Rare congenital and metabolic diseases

There are some conditions which may be inherited, and early testing may identify affected pregnancies. Some inherited conditions affect only one sex, so testing to identify the sex of the foetus may be offered.

The particular condition, and the need for testing in an individual or couple, is usually discussed when the medical and family history is discussed with the doctor at the first visit.

There are tests available which can check specifically for chromosomal abnormalities and spina bifida, as well as for some rarer conditions. The two most commonly offered are chorionic villus sampling and amniocentesis.

Chorionic villus sampling (CVS). This test is usually performed at between nine and twelve weeks gestation. It involves identifying the developing placenta with ultrasound, and taking a tiny sample of it to check the chromosomes. (The chorionic villi are embryonic tissue which form part of the placenta.)

The technique may be performed by inserting a very fine needle either through the woman’s abdominal wall (using local anaesthetic), or via a fine probe inserted into the vagina and through the cervix. The procedure is done by experienced doctors, under vision with ultrasound, and only takes a few minutes.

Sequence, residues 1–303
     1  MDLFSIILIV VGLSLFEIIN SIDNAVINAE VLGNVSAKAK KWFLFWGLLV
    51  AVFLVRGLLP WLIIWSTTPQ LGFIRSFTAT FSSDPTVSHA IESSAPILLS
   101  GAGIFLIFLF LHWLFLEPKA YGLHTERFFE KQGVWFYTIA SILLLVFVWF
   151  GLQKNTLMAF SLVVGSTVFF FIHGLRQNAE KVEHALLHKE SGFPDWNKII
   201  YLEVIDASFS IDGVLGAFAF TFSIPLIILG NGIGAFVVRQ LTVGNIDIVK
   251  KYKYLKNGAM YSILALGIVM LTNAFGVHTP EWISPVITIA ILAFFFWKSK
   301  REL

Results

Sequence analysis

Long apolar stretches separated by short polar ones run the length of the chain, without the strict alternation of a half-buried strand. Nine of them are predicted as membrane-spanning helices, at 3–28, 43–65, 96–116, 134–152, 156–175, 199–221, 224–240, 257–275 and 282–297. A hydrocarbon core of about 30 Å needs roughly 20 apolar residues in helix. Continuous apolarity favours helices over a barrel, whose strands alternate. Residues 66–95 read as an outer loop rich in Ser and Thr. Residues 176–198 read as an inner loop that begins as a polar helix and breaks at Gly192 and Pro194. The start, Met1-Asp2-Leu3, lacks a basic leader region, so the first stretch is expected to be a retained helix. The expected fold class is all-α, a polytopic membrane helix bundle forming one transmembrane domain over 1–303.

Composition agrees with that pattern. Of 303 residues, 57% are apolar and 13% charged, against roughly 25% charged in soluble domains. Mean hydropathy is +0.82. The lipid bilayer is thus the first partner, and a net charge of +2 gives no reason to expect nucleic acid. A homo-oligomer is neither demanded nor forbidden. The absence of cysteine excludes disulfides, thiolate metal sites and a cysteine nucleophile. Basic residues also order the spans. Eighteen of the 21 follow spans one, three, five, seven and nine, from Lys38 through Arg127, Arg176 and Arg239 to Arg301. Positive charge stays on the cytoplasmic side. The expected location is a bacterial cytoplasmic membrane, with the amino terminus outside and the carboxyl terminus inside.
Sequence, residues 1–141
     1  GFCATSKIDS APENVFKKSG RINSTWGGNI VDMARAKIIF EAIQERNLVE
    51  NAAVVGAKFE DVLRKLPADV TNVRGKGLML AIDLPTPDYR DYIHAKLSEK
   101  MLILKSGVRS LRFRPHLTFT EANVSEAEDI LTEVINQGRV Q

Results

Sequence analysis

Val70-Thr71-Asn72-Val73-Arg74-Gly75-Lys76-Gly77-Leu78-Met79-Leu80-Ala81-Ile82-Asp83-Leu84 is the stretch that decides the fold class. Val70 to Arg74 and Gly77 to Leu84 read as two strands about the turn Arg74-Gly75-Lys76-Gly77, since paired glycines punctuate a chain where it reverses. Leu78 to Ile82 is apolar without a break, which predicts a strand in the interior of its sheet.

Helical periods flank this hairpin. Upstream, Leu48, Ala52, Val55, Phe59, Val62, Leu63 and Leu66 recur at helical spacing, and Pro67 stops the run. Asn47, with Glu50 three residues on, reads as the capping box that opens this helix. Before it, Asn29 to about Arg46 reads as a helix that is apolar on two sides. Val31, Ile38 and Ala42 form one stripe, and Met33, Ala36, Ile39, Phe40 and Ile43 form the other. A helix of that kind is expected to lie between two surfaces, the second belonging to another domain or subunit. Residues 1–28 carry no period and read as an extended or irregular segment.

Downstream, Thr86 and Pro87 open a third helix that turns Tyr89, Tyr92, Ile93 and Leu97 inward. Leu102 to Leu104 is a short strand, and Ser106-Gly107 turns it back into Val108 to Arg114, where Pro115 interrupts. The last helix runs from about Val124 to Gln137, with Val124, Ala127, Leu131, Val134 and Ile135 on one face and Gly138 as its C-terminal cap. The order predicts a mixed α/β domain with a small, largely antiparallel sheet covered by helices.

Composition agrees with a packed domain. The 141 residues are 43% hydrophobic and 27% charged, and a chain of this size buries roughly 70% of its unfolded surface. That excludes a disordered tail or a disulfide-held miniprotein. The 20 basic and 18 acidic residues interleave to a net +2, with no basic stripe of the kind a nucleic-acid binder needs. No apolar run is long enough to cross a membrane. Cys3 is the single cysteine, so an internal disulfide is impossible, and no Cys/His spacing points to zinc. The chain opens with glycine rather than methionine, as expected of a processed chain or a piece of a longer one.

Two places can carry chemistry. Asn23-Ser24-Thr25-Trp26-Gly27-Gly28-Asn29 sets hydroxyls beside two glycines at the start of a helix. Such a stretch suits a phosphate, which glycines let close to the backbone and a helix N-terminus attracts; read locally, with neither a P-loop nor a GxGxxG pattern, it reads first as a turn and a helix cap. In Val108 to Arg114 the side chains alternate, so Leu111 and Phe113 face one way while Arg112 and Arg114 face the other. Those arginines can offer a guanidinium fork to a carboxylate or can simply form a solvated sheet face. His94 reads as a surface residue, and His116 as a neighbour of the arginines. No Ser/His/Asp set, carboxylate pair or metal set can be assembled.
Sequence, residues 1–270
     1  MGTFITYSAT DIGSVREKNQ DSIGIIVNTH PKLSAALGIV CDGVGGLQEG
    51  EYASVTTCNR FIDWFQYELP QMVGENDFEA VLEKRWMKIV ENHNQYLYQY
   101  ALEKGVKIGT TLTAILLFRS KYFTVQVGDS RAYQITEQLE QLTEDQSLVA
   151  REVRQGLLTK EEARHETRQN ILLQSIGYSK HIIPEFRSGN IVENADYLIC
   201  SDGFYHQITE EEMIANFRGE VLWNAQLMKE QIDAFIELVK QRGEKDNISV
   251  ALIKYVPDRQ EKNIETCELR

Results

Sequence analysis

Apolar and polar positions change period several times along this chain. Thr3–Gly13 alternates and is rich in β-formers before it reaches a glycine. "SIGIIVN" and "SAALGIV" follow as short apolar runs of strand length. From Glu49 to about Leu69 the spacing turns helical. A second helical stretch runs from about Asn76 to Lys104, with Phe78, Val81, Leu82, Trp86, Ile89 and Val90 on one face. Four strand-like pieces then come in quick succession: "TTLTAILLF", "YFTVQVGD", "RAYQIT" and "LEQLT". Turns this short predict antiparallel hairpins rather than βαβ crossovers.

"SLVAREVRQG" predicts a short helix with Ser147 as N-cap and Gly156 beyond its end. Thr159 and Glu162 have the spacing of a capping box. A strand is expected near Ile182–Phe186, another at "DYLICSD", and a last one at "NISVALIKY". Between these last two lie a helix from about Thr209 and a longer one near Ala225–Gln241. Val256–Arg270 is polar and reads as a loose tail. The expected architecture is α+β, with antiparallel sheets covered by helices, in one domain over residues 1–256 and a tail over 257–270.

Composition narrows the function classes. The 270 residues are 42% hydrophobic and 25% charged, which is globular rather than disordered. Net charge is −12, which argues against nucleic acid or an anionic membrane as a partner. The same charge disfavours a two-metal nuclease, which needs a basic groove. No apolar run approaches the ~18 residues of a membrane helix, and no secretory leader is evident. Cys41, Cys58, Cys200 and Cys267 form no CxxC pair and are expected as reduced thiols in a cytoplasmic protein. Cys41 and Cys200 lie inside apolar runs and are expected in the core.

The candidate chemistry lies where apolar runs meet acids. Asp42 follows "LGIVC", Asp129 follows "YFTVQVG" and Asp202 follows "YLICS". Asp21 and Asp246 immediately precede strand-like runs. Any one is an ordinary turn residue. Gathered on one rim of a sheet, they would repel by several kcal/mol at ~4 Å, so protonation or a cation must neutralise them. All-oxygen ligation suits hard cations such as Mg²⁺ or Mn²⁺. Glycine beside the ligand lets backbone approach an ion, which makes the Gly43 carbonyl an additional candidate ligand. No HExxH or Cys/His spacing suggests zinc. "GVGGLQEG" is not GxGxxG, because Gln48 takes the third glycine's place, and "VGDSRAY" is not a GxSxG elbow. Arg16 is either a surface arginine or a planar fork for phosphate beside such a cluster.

The results of this test, which gives information about chromosomal abnormalities, the sex of the foetus, but not about spina bifida, are usually available to the doctor who ordered the test within three weeks or so. Depending on the result of the test, a woman may decide to terminate the pregnancy, and this procedure would involve a routine abortion.

The risk involved with this particular test is a very small chance of miscarriage. There is always a ‘background’ risk of miscarriage in every early pregnancy (about 2 per cent at ten weeks). Having a CVS may increase this by another 1 per cent.

The test is offered to women whose chance of an affected pregnancy is the same, or greater, than the risk of miscarrying as a result of the test (for example women who will be over 37 years of age when the baby is due to be born).


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